Eugene Fytch ’69 published a new edition of 400 Years of Log Fences, available from him at

HELPING HANDS by Ted Flett ‘00

With summer approaching, new graduates and returning students alike turn to the timehonoured task of finding a job. McMaster’s young job-seekers have an excellent resource to tap: our strong network of alumni. As Ted Flett ‘00 found when he hired a McMaster grad, the learning experience was as meaningful for him as it was for his new employee.

JD Howell

Erin O’Neil ‘08 (above) now works in the Office of Public Relations in University Advancement at McMaster. She worked at VisitBritain as a communications intern for a four-month term.


A Royal Wedding. The Queen’s Diamond Jubilee. The London 2012 Summer Olympic and Paralympic Games. I knew in the fall of 2010 as I stared at the daunting timeline of events before me that I needed help. As VisitBritain’s new public relations and communications manager for Canada responsible for inspiring Canadians to explore Britain, my task was to build and activate a PR and marketing plan to leverage this spectacular lineup. Enter intern Erin O’Neil ‘08, a McMaster University Arts & Science and Mohawk College public relations program grad. I knew about interns because I’d been one while I was a student and a new graduate. As a liaison officer for Mac, I got my first taste of marketing and issues management pitching Mac to high school students during the anticipated “double cohort” when Ontario’s OAC/ Grade 13 was phased out. While interning at the City of Hamilton’s corporate communications department preamalgamation, I helped launch the region’s new website. At the city’s tourism department, I edited a daily newsletter for the 2000 International Children’s Games and produced the city’s first meetings and conventions guide meeting/event planners. I had gained a lot of job experience and I expected the same benefits would serve Erin. But days into the internship, I realized the learning was reciprocal. I discovered my potential to work dynamically as a team member, even in our little duo. My journalism background has ingrained the five Ws (who, what, when, where, why) in my approach to writing, project management and problem solving. But Erin’s energy and inquiry approach really demonstrated to me the importance of “why.” From the launch of an online media centre to crafting various film crews’ itineraries, her questions pointed to multiple solutions and eventually to better ones. Through our collaboration, my creative problem-solving techniques improved. Hosting a Mac grad intern injected a unique vitality in VisitBritain’s Canadian PR and marketing program.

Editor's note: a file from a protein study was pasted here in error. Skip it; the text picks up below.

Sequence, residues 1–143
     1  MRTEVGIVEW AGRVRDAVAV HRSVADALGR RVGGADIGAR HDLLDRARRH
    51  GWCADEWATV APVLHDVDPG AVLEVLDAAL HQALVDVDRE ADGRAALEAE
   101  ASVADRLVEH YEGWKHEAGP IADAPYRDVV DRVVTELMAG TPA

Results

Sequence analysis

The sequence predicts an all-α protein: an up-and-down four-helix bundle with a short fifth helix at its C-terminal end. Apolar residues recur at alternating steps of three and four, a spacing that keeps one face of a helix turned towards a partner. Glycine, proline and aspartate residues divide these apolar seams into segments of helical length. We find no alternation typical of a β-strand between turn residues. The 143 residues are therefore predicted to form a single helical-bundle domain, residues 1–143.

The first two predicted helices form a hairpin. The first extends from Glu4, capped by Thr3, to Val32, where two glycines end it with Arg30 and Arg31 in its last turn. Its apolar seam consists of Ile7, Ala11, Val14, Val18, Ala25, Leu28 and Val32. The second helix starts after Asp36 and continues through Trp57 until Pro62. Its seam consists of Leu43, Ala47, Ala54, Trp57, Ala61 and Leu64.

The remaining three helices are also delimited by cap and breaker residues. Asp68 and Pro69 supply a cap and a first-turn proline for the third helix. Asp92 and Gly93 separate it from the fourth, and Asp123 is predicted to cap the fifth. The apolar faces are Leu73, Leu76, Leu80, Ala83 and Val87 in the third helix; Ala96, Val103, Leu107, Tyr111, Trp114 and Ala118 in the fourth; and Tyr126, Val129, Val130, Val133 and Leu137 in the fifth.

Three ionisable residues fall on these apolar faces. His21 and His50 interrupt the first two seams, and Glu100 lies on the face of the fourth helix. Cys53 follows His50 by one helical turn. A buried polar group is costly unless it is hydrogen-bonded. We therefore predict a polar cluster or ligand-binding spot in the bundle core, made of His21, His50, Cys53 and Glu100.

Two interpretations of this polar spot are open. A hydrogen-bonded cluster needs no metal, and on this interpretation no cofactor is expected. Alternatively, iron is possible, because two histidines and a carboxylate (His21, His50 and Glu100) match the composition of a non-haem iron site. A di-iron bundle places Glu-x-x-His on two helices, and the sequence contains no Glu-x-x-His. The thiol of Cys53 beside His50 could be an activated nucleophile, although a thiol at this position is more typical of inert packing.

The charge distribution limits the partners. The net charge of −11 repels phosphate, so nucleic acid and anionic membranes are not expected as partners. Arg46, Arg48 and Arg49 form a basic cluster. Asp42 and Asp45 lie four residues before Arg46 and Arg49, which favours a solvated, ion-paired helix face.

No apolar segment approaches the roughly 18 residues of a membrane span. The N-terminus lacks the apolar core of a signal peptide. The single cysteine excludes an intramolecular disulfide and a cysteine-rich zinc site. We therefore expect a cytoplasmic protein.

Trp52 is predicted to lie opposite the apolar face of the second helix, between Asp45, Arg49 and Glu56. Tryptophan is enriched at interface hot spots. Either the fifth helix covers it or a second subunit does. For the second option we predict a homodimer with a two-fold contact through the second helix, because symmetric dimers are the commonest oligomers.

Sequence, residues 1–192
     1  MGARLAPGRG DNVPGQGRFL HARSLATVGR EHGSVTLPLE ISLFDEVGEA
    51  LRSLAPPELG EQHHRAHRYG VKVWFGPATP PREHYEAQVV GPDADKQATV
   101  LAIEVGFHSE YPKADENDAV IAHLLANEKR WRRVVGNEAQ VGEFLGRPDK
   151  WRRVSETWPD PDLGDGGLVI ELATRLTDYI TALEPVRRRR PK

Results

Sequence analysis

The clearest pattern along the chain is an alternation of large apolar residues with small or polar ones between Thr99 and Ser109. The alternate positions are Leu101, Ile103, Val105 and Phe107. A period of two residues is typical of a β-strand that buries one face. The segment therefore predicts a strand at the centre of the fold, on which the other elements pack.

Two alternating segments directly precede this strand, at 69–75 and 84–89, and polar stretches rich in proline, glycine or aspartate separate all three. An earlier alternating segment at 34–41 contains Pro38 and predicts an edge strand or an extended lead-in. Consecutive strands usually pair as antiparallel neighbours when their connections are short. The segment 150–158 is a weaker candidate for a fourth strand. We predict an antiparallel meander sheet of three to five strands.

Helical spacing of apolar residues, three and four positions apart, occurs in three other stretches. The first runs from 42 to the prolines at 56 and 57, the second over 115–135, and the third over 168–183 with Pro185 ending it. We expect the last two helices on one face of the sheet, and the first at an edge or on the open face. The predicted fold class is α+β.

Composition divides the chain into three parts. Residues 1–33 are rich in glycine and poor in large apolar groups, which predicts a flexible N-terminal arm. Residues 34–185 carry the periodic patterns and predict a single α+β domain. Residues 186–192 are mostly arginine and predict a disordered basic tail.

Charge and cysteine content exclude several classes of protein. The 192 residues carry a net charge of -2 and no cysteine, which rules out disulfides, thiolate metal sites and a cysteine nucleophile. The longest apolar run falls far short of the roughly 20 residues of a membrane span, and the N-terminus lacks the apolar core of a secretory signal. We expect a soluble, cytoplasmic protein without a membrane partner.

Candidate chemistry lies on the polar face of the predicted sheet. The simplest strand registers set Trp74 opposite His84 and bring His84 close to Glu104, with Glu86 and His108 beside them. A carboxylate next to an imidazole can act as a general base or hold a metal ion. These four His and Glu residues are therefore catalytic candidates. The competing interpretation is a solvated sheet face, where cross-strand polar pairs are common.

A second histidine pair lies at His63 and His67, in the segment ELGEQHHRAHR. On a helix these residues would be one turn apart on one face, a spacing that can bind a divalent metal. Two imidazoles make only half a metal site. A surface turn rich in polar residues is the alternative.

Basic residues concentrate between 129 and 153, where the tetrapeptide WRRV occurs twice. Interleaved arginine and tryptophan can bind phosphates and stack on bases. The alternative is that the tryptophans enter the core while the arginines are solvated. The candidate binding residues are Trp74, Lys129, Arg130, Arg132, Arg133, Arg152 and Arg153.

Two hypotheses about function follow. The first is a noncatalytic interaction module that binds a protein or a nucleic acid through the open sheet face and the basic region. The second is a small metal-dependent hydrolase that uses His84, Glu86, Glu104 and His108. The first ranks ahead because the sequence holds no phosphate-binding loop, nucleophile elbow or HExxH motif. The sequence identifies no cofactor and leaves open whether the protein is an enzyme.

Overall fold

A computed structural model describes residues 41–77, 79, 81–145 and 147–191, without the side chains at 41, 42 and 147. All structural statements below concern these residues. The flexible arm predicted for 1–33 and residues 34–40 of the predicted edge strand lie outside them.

Let McMaster continue to be part of your life The McMaster Alumni Association is pleased to offer a wide range of services and benefits to our alumni. Whether you are just starting your career or are enjoying retirement, your alumni status entitles you to some of the great programs offered by our affinity partners! Best of all, alumni get a great deal while supporting the Alumni Association at the same time! TD Insurance Meloche Monnex – home & auto insurance Manulife Financial – term life, disability, major accident protection, critical illness and health & dental insurance BMO Bank of Montreal – BMO McMaster MasterCard Careego Active Career Management – wide range of online career services Alumni Travel Program – exclusive trips for alumni & friends Alumni Clothing – wear your pride on your sleeve with great running suits and performance shirts McMaster Library – access McMaster’s libraries and borrow books for free Preferred membership rates – for dining at the University Club and working out at the David Braley Athletic Centre & the Pulse Milestones – share some of your exciting news and receive a great little gift with our congratulations